Jeffrey Meyers: A New Hampshire solution for long-term supports and services

For the Monitor
Published: 3/16/2018 12:20:24 AM

Last week, the New Hampshire Department of Health and Human Services published its proposed plan to incorporate nursing facility and home care services such as personal care into its managed care program. Since December 2013, two managed care organizations, or MCOs, have been delivering primary care and other medical services to about 130,000 Medicaid recipients in New Hampshire.

Last year, the Legislature directed the department to expand the managed care program to include nursing facility and home care services. The department’s plan is a hybrid model that would utilize both MCOs and locally run and regionally based PACE centers – programs for the all-inclusive care for the elderly.

Our plan is the product of a robust stakeholder process begun in July 2016. All those impacted were included in the process: private and county nursing homes, independent case managers, home care providers and beneficiaries. The plan provides real detail on every aspect of the program: covered services, provider credentialing, network adequacy, case management, grievances and appeals and rates and payment. But even with a concrete plan, some providers are pushing back and there is legislation sponsored by Rep. Neal Kurk to prohibit all long-term services and supports from inclusion in managed care.

Why is the department moving forward to deliver and pay for long-term services and supports differently? The short answer is that the Legislature directed the department to do so. But that belies the real rationale: Nursing facility and other long-term care costs are increasing and the performance of too many of our nursing homes is lagging. The current long-term care system for the elderly needs the enhanced care management and financial sustainability that MCOs and PACE centers can provide. Ultimately, we are doing this to allow more seniors to stay in their homes longer and to improve their care once they do need nursing services.

From 2010 to 2018, the cost of nursing facility services paid for by the state has increased from under $180 million a year to $200 million. The counties’ share of that bill – raised from local property taxes – is about half that amount. How high will local property taxes need to be raised as the state’s population – now the second oldest in the nation – continues to age?

Critics of placing nursing facility and home care services into managed care make two arguments: 1) Our state’s nursing homes are highly rated and managed care companies cannot add value, and 2) the current long-term care financing system that relies upon supplemental payments – MQIP and ProShare – cannot be replicated in managed care. Neither of these arguments bears out. Of the 74 private nursing homes rated by the Centers for Medicare and Medicaid Services, 22 (or 30 percent) currently are rated overall with only one or two stars out of a possible five – meaning that they are “below average or much below average.” On quality alone, 19 of those nursing facilities are rated as average or below average. The critics’ claim that there is no room for improvement rings hollow.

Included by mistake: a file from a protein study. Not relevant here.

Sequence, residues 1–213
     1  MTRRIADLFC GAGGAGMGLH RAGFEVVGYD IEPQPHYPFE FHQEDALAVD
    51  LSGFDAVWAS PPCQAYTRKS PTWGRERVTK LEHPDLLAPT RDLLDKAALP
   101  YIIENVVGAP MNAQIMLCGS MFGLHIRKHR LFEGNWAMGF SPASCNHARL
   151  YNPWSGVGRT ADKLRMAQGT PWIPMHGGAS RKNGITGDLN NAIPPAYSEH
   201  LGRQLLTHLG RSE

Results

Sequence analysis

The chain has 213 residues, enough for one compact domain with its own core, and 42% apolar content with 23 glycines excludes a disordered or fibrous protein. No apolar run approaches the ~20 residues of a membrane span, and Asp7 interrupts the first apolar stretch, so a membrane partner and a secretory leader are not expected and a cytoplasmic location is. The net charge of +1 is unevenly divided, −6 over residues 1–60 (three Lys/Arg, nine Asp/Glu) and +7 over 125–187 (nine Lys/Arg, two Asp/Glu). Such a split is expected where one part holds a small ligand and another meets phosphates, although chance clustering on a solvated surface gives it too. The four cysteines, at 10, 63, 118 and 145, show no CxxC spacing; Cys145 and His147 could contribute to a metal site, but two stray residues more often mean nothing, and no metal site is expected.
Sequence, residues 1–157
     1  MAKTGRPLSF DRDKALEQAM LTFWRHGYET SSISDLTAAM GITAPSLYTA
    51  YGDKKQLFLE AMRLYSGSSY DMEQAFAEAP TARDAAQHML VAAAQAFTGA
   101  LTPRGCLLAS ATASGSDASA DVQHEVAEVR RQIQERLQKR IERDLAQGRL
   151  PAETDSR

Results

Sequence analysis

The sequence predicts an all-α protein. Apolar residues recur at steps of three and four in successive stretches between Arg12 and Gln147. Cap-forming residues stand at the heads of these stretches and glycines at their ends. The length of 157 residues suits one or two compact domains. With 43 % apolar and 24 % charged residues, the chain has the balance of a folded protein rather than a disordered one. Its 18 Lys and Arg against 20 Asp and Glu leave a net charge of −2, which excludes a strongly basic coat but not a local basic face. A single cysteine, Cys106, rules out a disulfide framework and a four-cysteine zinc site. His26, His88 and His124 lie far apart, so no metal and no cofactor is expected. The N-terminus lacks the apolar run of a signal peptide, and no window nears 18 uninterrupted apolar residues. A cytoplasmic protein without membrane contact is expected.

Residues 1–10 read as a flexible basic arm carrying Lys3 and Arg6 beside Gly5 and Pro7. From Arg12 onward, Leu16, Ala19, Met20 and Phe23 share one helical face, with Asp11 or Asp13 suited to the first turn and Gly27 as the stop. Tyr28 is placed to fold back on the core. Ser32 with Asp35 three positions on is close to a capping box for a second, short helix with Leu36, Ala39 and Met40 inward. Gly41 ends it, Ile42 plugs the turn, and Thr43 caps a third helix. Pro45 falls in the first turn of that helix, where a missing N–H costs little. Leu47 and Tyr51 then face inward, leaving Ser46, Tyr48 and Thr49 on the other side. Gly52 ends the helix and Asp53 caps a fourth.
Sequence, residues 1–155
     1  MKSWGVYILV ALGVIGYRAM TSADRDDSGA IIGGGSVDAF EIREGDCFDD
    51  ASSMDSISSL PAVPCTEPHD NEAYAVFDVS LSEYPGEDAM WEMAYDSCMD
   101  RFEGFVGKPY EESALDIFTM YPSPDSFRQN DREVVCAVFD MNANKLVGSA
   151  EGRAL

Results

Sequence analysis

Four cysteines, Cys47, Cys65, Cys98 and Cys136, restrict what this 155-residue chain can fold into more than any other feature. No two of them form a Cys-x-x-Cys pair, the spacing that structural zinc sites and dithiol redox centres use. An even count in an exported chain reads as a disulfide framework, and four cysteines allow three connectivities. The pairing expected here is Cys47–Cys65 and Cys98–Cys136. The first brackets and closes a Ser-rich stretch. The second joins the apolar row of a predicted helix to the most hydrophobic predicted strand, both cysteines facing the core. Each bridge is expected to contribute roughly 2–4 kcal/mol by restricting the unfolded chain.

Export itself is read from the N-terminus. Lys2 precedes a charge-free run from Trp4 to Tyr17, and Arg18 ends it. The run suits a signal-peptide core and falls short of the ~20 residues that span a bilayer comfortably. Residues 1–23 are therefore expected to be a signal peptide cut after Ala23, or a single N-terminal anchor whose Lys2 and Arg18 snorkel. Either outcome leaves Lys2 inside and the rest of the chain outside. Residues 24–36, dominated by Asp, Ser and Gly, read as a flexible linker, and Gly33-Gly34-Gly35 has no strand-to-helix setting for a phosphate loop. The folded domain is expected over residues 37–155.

The Medicaid Quality Incentive Program, or MQIP, which provides quarterly supplemental payments to nursing facilities for each paid Medicaid bed day, is designed to support nursing facilities that take Medicaid patients. The Proportionate Share Program payments, or ProShare, are annual Medicaid supplemental payments made to county nursing homes to increase their reimbursement to what Medicare would have paid. While these supplemental payments can no longer be made directly to nursing homes by the state under federal managed care rules, the equivalent payment can be paid by the MCO as a “directed payment” that ensures access statewide to these important services. The current financial payment system will be preserved in managed care.

Above all else, the department’s plan offers beneficiaries and providers an alternative to capitated rate managed care delivered by commercial plans: PACE centers. PACE centers around the nation now serve persons 55 years or older who need long-term supports and services. They consist of nursing facilities, home care and medical providers who work together to deliver care. Counties can participate in and even lead a PACE center. PACE centers would be new to New Hampshire and they can and will compete with traditional managed care plans.

The department has listened to those who clamored for a New Hampshire solution to long-term supports and services. Our plan deserves everyone’s careful attention. It will improve quality, care coordination and financial sustainability. And it will provide our citizens real choice.

(Jeffrey A. Meyers is commissioner of the Department of Health and Human Services.)




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